24.03.2017 | University of Massachusetts at Amherst

nachricht Gravitational wave kicks monster black hole out of galactic core
24.03.2017 | NASA/Goddard Space Flight Center

All articles from Physics and Astronomy >>>

The most recent press releases about innovation >>>

Die letzten 5 Focus-News des innovations-reports im Überblick:

Im Focus: Giant Magnetic Fields in the Universe

Astronomers from Bonn and Tautenburg in Thuringia (Germany) used the 100-m radio telescope at Effelsberg to observe several galaxy clusters. At the edges of these large accumulations of dark matter, stellar systems (galaxies), hot gas, and charged particles, they found magnetic fields that are exceptionally ordered over distances of many million light years. This makes them the most extended magnetic fields in the universe known so far.

The results will be published on March 22 in the journal „Astronomy & Astrophysics“.

Galaxy clusters are the largest gravitationally bound structures in the universe. With a typical extent of about 10 million light years, i.e. 100 times the...

Im Focus: Tracing down linear ubiquitination

Researchers at the Goethe University Frankfurt, together with partners from the University of Tübingen in Germany and Queen Mary University as well as Francis Crick Institute from London (UK) have developed a novel technology to decipher the secret ubiquitin code.

Ubiquitin is a small protein that can be linked to other cellular proteins, thereby controlling and modulating their functions. The attachment occurs in many...

Im Focus: Perovskite edges can be tuned for optoelectronic performance

Layered 2D material improves efficiency for solar cells and LEDs

In the eternal search for next generation high-efficiency solar cells and LEDs, scientists at Los Alamos National Laboratory and their partners are creating...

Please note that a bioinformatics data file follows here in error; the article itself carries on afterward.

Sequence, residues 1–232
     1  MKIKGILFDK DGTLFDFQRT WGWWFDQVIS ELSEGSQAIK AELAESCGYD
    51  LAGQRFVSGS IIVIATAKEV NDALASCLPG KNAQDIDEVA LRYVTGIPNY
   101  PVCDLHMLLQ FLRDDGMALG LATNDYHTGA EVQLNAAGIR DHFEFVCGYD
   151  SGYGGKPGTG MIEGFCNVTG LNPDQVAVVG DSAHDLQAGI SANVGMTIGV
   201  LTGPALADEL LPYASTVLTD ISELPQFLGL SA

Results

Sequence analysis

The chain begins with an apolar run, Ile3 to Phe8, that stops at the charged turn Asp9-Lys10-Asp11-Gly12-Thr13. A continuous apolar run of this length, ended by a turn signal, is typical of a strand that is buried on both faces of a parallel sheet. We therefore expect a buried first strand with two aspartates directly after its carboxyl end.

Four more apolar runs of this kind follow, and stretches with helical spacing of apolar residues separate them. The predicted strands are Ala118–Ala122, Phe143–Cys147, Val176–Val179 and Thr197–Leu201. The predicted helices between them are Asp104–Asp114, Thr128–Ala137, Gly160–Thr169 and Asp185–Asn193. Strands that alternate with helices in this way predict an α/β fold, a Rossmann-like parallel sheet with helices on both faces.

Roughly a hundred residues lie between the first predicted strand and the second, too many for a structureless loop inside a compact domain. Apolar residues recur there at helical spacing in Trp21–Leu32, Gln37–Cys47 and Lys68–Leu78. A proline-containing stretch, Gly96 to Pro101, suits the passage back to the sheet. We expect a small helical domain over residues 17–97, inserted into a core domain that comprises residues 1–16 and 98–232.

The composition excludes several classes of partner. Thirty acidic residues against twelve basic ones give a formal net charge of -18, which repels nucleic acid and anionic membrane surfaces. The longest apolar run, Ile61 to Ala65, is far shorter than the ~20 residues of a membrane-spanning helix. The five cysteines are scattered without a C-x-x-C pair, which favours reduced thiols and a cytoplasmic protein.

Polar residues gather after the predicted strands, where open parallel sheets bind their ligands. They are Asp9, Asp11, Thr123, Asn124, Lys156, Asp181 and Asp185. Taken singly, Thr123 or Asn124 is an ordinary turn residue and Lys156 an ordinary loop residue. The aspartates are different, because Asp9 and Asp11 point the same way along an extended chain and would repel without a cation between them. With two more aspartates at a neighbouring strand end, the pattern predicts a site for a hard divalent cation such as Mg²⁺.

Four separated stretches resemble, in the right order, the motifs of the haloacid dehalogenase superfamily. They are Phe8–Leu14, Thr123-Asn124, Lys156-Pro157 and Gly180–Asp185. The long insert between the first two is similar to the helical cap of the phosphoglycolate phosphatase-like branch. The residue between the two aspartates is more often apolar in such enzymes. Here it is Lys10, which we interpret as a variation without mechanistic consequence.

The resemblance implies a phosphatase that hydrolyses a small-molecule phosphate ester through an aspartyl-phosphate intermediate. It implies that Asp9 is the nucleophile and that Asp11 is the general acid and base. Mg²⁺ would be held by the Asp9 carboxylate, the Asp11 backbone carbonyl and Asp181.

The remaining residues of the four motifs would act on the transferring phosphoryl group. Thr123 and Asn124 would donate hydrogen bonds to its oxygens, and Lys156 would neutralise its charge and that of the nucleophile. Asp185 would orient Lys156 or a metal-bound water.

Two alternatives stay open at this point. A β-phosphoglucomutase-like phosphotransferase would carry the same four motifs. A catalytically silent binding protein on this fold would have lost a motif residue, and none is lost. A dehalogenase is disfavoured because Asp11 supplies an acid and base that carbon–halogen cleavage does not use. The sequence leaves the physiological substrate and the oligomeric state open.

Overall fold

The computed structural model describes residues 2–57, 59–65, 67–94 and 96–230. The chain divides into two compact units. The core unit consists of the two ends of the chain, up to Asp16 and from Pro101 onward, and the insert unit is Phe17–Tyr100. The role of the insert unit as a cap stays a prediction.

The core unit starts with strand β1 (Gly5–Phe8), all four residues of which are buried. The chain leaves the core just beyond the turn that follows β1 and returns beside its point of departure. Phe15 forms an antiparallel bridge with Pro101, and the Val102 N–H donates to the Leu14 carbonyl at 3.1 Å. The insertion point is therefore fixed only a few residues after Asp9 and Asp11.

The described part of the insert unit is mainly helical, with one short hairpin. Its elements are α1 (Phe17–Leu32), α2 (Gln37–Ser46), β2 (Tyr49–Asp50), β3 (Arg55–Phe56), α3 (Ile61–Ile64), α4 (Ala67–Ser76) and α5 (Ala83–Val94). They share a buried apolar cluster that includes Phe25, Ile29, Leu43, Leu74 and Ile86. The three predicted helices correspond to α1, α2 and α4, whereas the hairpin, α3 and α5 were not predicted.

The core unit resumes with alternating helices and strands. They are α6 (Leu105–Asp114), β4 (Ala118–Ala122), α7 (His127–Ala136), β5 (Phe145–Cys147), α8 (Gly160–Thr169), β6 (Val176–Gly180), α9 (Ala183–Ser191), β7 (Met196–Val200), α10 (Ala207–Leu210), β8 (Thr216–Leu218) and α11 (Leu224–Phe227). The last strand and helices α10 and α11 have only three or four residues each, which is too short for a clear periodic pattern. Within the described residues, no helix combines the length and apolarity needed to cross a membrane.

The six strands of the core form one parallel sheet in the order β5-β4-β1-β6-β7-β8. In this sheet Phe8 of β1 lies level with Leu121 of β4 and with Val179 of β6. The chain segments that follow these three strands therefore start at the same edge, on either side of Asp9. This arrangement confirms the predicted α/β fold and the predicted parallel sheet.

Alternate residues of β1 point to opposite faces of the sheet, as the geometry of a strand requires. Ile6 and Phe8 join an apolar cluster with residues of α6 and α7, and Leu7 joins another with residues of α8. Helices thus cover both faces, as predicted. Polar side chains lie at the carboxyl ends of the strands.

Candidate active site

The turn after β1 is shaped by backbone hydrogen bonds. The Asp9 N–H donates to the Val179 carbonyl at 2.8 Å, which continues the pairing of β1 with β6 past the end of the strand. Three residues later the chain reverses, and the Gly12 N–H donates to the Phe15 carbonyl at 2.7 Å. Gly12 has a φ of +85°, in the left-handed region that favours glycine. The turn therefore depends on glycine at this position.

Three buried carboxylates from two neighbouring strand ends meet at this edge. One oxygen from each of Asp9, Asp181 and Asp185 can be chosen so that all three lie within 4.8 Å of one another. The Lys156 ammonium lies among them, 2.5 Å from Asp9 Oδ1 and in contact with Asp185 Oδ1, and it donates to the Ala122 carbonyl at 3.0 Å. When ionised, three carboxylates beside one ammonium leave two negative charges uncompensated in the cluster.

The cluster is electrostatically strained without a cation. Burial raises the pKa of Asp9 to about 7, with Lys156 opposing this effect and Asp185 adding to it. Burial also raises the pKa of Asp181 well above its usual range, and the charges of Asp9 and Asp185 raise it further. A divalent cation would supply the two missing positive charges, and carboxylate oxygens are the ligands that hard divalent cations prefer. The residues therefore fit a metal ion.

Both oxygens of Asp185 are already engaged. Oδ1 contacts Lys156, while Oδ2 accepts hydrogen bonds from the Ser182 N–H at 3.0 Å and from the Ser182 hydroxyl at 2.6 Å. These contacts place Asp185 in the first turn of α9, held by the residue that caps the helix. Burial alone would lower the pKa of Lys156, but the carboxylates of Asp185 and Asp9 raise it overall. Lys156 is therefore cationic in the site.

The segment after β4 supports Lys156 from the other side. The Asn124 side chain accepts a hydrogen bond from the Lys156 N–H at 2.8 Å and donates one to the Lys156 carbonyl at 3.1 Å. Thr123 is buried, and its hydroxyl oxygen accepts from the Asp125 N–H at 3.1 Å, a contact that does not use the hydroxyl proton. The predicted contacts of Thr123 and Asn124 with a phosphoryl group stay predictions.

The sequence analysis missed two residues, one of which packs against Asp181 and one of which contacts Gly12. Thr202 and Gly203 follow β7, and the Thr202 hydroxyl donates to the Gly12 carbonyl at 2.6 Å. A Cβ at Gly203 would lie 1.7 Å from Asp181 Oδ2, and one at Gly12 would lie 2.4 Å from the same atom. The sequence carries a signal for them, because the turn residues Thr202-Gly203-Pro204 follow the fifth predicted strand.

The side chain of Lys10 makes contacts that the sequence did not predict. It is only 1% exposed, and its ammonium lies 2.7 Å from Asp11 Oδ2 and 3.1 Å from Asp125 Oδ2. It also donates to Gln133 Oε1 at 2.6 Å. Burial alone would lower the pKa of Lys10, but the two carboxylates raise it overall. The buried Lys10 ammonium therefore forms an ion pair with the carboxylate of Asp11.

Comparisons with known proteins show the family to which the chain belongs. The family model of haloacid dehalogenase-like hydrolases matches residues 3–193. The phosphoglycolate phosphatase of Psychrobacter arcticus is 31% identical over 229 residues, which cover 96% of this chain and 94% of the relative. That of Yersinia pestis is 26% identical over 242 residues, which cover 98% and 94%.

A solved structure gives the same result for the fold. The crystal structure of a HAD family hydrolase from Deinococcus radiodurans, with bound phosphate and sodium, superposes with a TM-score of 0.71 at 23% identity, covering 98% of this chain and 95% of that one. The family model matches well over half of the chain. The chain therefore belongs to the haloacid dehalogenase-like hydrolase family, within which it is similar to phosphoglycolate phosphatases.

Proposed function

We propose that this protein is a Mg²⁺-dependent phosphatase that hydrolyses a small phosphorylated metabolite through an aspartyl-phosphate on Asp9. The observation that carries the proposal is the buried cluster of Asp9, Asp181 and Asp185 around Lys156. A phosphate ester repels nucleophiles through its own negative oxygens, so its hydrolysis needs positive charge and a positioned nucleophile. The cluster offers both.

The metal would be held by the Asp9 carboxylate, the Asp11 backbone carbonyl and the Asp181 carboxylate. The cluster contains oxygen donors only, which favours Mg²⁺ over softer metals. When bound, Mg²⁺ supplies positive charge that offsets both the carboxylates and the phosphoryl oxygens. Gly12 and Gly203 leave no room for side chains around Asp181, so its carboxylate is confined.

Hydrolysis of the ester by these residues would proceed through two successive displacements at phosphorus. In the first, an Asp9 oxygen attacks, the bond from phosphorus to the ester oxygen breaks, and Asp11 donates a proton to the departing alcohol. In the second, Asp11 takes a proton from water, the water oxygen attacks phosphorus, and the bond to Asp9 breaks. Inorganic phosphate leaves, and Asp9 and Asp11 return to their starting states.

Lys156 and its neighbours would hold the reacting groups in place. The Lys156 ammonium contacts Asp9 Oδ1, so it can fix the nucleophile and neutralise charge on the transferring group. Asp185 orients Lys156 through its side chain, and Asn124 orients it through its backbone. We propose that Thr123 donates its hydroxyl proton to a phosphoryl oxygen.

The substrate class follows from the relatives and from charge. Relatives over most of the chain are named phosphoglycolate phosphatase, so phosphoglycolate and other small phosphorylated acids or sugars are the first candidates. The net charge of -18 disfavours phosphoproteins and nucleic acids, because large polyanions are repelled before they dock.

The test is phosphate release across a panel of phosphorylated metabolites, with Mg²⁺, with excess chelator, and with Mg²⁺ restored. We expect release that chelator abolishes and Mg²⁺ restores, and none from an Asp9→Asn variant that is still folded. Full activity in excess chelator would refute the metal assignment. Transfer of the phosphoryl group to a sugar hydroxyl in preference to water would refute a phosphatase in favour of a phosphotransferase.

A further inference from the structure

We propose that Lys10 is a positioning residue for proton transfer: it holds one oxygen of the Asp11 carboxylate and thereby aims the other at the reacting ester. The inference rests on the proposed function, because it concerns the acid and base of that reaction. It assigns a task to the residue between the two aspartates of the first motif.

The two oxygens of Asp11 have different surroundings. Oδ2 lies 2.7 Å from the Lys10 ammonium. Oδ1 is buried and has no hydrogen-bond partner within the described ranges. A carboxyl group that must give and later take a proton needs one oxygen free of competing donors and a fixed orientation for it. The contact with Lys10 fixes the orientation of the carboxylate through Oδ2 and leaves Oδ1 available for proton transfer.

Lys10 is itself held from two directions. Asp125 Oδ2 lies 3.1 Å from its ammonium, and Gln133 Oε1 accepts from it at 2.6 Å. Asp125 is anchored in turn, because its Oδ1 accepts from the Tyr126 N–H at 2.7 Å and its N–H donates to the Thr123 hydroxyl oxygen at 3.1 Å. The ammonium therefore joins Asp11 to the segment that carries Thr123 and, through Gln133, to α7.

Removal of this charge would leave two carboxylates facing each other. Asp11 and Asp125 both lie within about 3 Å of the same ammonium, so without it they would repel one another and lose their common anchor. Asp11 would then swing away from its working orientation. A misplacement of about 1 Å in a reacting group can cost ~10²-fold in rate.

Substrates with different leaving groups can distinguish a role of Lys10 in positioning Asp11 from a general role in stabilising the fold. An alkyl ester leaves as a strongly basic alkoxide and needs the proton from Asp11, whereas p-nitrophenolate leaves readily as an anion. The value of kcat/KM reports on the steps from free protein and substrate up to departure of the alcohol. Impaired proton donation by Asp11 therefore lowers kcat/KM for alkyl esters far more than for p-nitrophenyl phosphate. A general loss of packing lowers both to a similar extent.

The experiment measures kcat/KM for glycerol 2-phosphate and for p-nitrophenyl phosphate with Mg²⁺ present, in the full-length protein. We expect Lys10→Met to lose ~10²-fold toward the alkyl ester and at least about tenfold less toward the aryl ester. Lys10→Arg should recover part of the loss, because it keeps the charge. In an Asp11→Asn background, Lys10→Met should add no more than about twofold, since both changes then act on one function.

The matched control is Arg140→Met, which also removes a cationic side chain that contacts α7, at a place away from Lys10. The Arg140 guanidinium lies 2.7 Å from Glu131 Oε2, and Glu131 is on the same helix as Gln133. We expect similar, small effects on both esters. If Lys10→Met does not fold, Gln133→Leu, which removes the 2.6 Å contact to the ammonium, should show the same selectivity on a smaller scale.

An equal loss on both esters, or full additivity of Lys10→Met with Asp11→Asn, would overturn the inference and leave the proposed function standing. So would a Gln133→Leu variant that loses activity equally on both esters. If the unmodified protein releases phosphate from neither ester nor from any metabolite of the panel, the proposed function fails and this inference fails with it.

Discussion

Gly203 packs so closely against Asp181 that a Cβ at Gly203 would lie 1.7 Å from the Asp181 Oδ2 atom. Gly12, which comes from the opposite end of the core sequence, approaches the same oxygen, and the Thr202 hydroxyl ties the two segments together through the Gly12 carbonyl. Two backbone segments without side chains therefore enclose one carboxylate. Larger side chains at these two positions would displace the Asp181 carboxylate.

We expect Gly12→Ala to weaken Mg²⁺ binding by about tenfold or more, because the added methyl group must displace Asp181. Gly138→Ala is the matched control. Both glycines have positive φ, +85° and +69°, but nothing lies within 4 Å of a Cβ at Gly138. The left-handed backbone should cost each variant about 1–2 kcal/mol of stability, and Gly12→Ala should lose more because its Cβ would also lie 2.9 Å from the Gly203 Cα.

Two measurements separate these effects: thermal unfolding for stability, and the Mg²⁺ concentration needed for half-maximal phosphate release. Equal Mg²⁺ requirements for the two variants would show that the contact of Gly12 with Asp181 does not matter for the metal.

Im Focus: Polymer-coated silicon nanosheets as alternative to graphene: A perfect team for nanoelectronics

Silicon nanosheets are thin, two-dimensional layers with exceptional optoelectronic properties very similar to those of graphene. Albeit, the nanosheets are less stable. Now researchers at the Technical University of Munich (TUM) have, for the first time ever, produced a composite material combining silicon nanosheets and a polymer that is both UV-resistant and easy to process. This brings the scientists a significant step closer to industrial applications like flexible displays and photosensors.

Silicon nanosheets are thin, two-dimensional layers with exceptional optoelectronic properties very similar to those of graphene. Albeit, the nanosheets are...

Im Focus: Researchers Imitate Molecular Crowding in Cells

Enzymes behave differently in a test tube compared with the molecular scrum of a living cell. Chemists from the University of Basel have now been able to simulate these confined natural conditions in artificial vesicles for the first time. As reported in the academic journal Small, the results are offering better insight into the development of nanoreactors and artificial organelles.

Enzymes behave differently in a test tube compared with the molecular scrum of a living cell. Chemists from the University of Basel have now been able to...

All Focus news of the innovation-report >>>

Anzeige

Anzeige

Event News

International Land Use Symposium ILUS 2017: Call for Abstracts and Registration open

20.03.2017 | Event News

CONNECT 2017: International congress on connective tissue

14.03.2017 | Event News

ICTM Conference: Turbine Construction between Big Data and Additive Manufacturing

07.03.2017 | Event News

 
Latest News

Argon is not the 'dope' for metallic hydrogen

24.03.2017 | Materials Sciences

Astronomers find unexpected, dust-obscured star formation in distant galaxy

24.03.2017 | Physics and Astronomy

Gravitational wave kicks monster black hole out of galactic core

24.03.2017 | Physics and Astronomy

VideoLinks
B2B-VideoLinks
More VideoLinks >>>